B2B buyers are getting younger. And younger folk like to spend time on social media. So it would stand to reason that hiring a full-time professional social media marketer (SMM) should be pretty high on the priority list for B2B brands.
Yet… many companies simply hand over the responsibility of social media to an intern or – gasp – don’t leverage the channel at all.
AND if brands do have a professional marketer on board, managing content creation, distribution and analytics is usually just one task on a very long laundry list of tasks that has to be dealt with on top of:
- Unrealistic expectations from leadership
- Too much red tape and layers of approval
- Limited budgets and/or resources
- Unclear objectives or an understanding of ‘the why’
In this article, I’ve shared some of my thoughts on how to set up SMMs for success.
#1. Give Them Room
When you see a social post that reads something like…
“Introducing our market-leading enterprise solution for leading industry professionals across the enterprise sector”
…you can almost guarantee it’s had one too many pairs of non-marketing hands on it.
I’m a firm believer that the reason there’s so much drivel out there in the B2B ether is an unwillingness from organisations to give their content creators some room to be… well, creative.
Perhaps this comes from a fear of handing over control of what is one of the most customer-facing channels there is for a business? Or perhaps it’s an unwillingness to take risk and move away from the crowd?
Whatever the reason, non-marketing executives demanding ‘final approval’ of any and all content before it’s published stifles what can be incredibly effective and resonant content.
If you’re going to hire an SMM, give them the framework and freedom to make decisions in real-time and – most importantly – trust in their reasoning.
#2. Give Them Budget
If you go out for a walk and see some ducklings in a pond, you’d be forgiven if the photo you post to Instagram has your thumb peeking in from the bottom right corner and the caption reads “cant get enogh of these cuties!”
Not so much if you’re professional B2B brand.
High-quality copy and visuals are the lifeblood of social media. SMMs must have access to the tools, resources and people they need to pull it together – and this means budget.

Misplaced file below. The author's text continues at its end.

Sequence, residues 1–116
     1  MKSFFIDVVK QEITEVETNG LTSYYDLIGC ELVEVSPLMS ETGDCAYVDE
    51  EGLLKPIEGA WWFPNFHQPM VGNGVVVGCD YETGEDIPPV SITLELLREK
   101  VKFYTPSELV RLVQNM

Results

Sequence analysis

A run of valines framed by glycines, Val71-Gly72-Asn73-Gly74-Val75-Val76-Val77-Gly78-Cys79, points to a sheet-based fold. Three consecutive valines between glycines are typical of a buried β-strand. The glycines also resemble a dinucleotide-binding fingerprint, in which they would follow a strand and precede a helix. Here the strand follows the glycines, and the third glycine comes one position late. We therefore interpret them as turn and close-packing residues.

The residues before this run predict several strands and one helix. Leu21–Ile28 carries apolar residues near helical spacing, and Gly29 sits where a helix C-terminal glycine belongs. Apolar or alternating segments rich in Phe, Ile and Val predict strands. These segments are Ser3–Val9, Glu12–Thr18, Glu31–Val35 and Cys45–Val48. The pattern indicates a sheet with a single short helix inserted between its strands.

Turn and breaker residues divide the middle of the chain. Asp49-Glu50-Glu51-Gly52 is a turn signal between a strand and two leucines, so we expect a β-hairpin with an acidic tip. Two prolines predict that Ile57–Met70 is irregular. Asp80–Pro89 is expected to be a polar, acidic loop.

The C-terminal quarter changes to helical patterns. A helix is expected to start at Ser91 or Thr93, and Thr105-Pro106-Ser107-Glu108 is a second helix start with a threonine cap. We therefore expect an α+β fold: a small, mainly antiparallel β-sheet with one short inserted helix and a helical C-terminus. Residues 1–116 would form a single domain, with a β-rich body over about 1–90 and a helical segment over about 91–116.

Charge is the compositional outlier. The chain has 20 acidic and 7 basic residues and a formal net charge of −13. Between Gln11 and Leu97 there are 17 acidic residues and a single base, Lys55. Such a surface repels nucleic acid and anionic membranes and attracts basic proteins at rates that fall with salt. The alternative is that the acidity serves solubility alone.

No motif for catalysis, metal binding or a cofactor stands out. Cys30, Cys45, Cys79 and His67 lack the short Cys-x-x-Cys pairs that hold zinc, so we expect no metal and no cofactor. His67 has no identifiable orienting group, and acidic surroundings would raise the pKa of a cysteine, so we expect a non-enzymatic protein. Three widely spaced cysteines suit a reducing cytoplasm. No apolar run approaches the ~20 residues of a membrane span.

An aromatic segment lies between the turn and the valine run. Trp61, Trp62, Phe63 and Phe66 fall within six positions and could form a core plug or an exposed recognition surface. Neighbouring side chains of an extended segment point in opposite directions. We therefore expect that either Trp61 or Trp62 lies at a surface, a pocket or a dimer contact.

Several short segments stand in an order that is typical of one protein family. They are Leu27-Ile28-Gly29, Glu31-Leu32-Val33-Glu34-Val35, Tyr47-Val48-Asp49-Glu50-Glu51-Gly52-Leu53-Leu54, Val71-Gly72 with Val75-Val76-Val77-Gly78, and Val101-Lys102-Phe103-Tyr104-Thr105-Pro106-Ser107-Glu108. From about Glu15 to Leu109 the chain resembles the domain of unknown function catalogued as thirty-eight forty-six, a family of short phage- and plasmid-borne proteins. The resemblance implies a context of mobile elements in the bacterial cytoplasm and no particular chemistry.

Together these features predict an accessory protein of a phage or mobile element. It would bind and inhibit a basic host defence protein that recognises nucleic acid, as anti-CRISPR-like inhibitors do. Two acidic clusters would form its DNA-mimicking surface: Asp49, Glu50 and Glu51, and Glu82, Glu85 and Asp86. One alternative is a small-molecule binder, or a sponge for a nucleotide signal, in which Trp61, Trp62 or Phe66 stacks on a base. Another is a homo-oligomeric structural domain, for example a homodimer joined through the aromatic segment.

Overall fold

I’d argue that in B2B, there’s actually a competitive advantage to investing in high-quality creative. Why?
Because the bar is usually very low. Often competitors in a sector use the same stock imagery and tired one-liners as each other, preventing any single message from standing out.
Empowering a B2B content creator to go out and capture original photos and produce copy with a unique tone of voice can put you above 95% of the competition.
#3. Give Them Direction
When I was a kid, I had an after school job that required me to go post leaflets of a local business through all the doors in my village.
One day, I asked my boss how many clients we got as a result of the leaflets in the last year. His response?
Translation — what I was doing with the leaflets was effectively meaningless. A box-checking exercise for a brand unwilling to stop beating the dead horse.
If success in social media for your brand is simply ‘posting three times a week’ it can at best limit creativity, at worst kill any enthusiasm the person once held for the role.
Avoid this by clearly defining and communicating how social media is tied to the success of the business.
This usually comes down to clearly defined, revenue-influenced goals – e.g. social sourced registrations to a company webinar or traffic driven to a high-intent landing page on your website via social.
Importantly, invest in the attribution platforms that allow you to track this effectively. These can be your bread-and-butter tools – from Google Analytics to Oktopost – but also qualitative mechanisms that can help you understand the effectiveness of channels not picked up otherwise, like adding a ‘Where Did You Hear About Us?’ question to all your forms.
#4. Give Them Time
There’s a quote from legendary basketball coach, John Wooden. It goes:
“Good things take time. We shouldn’t expect good things to happen overnight. Actually, getting something too easily or too soon can cheapen the outcome.”
Mr. Wooden would have been an excellent leader of SMMs as he would have understood that expecting instant results from a social media strategy is as foolish as letting a fox guard the henhouse.
At it’s heart, social media is about building trust with your customers that in exchange for their attention, you will provide them value.
And just like how it takes time to build trust in our everyday relationships, so too does it take time to build trust with an online audience. So give your SMMs the time to see through their strategy.
This isn’t to say you shouldn’t set milestones – you absolutely should – but work with your colleague to understand what’s a) realistic to expect in terms of timeframes and b) that they have the support and resources they think they need to hit these targets.
ALSO consider that is social has become an added responsibility on top of an existing workload that this will impact their other responsibilities.
Good rule of thumb is to expect social media management to take 3x as long as you think it will.